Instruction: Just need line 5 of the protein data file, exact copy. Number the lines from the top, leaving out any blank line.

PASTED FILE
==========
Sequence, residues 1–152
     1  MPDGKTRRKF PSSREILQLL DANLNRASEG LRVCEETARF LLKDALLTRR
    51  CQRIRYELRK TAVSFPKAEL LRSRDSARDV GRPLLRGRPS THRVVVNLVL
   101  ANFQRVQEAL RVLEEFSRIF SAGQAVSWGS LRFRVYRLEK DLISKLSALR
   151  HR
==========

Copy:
   151  HR